Could a local serial paedophile have escalated his activities to the point where instead of leaving a molested foreign child in situ, they progressed to abduction or killing?
Names have been proposed, and either categorically denied or conclusively disproven.
In this respect, probably the most bizarre twist came last year when it emerged that the broadcaster, wit and ex-MP Sir Clement Freud, who had a Praia da Luz holiday home and who had befriended the McCanns, was also a paedophile who sexually abused girls for decades.
One of Freud’s victims told ITV News she felt “very uneasy” after discovering that the former politician had befriended the McCann family:
"He was a private man, not the type to suddenly befriend a couple who had intense media attention. It really jarred with me, left me feeling very uneasy. Nobody else would have thought Freud capable of abuse and rape but he did it to me.”
Some investigators, however, have cautioned against the whole idea of the involvement of a local paedophile. They point out that only very rarely do predatory paedophiles take the risk of sneaking or breaking into a building to get at a child.
Abducted by slave traders or paedophile child traffickers
There have been numerous variations of this theory, placing Madeleine in locations from Belgium to Africa.
In 2008, for example, it was reported that police were examining claims that Madeleine was taken on the orders of a Belgium-based paedophile ring that had placed an order for a “young girl”.
The highly organised gang, it was said, may even have taken a photograph of Madeleine beforehand so the Belgian paedophiles could confirm she fitted their requirements and give the go-ahead for the abduction.
Other theories have suggested Madeleine could have been taken to Lagos marina, five miles from Praia da Luz, and put on a boat bound for Morocco.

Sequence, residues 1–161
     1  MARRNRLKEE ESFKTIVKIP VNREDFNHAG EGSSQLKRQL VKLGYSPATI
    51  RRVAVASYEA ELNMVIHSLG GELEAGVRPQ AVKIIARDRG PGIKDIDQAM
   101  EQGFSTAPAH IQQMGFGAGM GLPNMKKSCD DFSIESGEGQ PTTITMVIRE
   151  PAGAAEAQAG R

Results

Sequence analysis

The Madeleine McCann case
The Madeleine McCann case
1/25 Madeleine McCann
One of the last photos of Madeleine before her disappearance
2/25 Madeleine McCann
Madeleine McCann was three when she was abducted during a family holiday in 2007
3/25 Top worn by a man that detectives investigate with connection to disappearance of Madeleine McCann
A computer generated image of the distinctive burgundy long sleeve top worn by a man that detectives investigating the disappearance of Madeleine McCann are looking for
4/25 Apartment in Portugal from where Madeleine went missing
An aerial view of the Ocean Club apartments and pool where Madeleine McCann went missing
Jeff J Mitchell/Getty Images
5/25 Kate McCann
Kate McCann speaks to the press outside the court house in Lisbon on 12 September 2013 following the first audience of the McCann couple's libel proceedings against former inspector Goncalo Amaral for a book written about the case of their missing daughter
6/25 Kate and Gerry McCann
Kate McCann and Gerry McCann before the start of the 'Miles for Missing People' charity run in Regent's Park in London, 2011
7/25 Kate and Gerry McCann
Kate and Gerry McCann make an appeal at a press conference in the holiday resort of Praia da Luz, Portugal 7 May 2007
8/25 Kate and Gerry McCann